of course. This always bothers me. Christmas with Middle Cat's Greek-Cypriot relatives always means too much food.
Middle Cat's late father-in-law ran a fish and chip shop. It was no ordinary fish and chip shop. It was known for the queue that literally stretched out the door and around the corner on Friday and Saturday nights. It wasn't far from the local "cop shop" and the presence of police made it a quiet, orderly queue - although there were sometimes grumbles that busy police were allowed to phone an order in and would then appear to "queue jump". They didn't actually do this. They would not have dared.
But the fish and chip shop is no longer owned by the family. The queues no longer stretch out the door. It hasn't stopped the family knowing about food and how to prepare it. There were oysters and prawns for those who wanted them. I do not like shellfish - or rather, shellfish does not like me. I avoid such things.... but there were plenty of olives and nuts and cheese...and the olives were good home-cured olives.
The gathering moved on to turkey, pork and ham, roast potatoes and pumpkin (a family favourite), and green salad. I suppose some of it was "traditional". There wasn't a carrot or sprout in sight.
Most plates were piled high and anything that went onto plates was eaten. Food is never wasted in that sense.
Then there was a break...a very long break. The room grew noisy with talk and laughter. Occasionally people went and collected another glass of ice-cold water. Those who drink alcohol had a glass - but no more. It was too hot for that even with the air-conditioning going inside. The room had too many people in it for that.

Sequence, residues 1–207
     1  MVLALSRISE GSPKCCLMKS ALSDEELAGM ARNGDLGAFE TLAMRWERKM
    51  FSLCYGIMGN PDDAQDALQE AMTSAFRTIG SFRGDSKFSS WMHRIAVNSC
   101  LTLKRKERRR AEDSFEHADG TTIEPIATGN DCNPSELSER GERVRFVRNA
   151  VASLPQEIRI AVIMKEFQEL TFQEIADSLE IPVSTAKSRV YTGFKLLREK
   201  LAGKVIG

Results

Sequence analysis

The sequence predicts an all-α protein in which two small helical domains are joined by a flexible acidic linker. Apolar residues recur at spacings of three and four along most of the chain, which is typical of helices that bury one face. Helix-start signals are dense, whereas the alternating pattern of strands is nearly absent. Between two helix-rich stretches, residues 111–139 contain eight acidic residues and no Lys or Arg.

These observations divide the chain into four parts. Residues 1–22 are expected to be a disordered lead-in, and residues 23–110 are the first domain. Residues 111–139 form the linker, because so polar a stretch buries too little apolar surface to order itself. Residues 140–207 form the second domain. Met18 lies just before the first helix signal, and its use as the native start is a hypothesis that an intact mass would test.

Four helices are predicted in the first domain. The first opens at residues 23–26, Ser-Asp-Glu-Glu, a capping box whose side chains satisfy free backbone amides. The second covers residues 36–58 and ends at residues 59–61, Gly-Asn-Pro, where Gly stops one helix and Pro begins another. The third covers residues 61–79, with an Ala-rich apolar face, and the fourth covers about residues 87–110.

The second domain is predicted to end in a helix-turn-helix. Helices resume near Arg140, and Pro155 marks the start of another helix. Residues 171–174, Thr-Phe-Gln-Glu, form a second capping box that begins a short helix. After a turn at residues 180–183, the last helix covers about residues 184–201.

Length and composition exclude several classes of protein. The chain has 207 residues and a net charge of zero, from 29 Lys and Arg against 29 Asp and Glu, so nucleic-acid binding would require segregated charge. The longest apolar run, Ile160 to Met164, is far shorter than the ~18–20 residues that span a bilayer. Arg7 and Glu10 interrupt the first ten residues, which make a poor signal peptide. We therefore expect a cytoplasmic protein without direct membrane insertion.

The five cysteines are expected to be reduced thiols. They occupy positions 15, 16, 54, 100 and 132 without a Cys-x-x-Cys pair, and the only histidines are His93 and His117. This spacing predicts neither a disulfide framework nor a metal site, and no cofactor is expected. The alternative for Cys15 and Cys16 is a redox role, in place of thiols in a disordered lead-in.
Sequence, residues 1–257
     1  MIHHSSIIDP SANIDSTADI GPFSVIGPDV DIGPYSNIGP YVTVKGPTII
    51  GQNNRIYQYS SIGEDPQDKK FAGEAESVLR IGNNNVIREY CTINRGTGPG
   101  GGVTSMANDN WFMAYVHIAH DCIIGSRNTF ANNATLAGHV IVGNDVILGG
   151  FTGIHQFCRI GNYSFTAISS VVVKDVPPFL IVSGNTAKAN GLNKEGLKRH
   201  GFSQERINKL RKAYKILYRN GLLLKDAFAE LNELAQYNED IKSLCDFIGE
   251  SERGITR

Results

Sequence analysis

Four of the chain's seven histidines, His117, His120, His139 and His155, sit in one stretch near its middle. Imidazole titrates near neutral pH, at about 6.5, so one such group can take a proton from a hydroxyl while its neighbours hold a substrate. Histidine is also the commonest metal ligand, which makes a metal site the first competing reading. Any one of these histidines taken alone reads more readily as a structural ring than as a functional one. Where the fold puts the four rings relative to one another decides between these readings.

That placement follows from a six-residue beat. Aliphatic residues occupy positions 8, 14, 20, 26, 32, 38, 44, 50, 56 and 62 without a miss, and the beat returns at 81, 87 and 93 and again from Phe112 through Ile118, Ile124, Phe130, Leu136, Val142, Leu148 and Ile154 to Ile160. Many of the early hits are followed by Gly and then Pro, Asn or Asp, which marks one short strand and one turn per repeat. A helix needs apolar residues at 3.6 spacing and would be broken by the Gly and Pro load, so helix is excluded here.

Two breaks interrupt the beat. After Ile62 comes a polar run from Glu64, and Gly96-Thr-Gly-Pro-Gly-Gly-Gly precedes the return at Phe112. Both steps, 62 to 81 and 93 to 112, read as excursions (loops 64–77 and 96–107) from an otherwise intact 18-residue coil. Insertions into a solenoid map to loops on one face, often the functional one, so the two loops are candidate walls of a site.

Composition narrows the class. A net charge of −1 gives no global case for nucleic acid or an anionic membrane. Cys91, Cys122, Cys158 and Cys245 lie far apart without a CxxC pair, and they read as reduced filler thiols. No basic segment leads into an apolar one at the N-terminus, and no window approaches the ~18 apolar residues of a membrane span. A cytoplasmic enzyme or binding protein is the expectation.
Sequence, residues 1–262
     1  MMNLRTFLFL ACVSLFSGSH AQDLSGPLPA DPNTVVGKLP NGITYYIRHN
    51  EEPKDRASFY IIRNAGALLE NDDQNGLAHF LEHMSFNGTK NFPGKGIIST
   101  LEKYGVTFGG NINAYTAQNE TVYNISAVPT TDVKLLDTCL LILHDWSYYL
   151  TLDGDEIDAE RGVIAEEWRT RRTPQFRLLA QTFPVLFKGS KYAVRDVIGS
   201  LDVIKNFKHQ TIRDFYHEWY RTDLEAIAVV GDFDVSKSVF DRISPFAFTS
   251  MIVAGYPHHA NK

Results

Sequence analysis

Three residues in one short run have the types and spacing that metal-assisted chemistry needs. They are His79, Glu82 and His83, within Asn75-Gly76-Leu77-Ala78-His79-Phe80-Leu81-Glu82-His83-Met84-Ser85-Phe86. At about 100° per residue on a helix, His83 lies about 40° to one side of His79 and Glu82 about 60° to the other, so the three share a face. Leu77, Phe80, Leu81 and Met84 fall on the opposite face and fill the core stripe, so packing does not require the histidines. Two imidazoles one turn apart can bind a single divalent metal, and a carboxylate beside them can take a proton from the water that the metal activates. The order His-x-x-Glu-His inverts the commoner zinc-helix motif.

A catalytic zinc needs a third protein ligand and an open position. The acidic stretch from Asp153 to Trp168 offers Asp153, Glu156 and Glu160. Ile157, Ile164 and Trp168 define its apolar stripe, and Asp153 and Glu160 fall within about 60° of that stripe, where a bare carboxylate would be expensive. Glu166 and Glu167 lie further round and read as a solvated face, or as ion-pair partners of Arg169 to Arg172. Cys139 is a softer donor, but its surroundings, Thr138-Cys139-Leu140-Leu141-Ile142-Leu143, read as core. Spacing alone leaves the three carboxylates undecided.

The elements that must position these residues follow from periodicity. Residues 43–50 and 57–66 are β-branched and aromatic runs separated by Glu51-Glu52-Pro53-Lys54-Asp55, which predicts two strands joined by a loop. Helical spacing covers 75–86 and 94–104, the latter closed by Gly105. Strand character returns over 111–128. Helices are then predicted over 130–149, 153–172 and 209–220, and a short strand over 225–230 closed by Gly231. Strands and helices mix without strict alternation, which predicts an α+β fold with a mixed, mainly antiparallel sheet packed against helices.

Then the serious food business of the day began. There were three different sorts of Greek sweets put out on big - they had to be big - platters, there was strawberry cheesecake, jelly, the "honey crackles" Middle Cat insists on, tiny Christmas "puddings", and watermelon. There is always watermelon.
I looked at it all. I looked particularly at the baklava. Middle Cat's MIL gave me a lesson once in the art of making baklava. It was one of those things you don't forget. She didn't have a recipe. She didn't have the English to explain. The lesson was conducted in mime and in Cypriot-Greek. There were handfuls of this and that. The filo pastry was handled deftly. It had to be cut in a certain way - with a very sharp knife.
I have tried since. Her daughters have tried since. None of us can do it as well P.... did it. There's an extra ingredient in there somewhere called "mother's love" I think.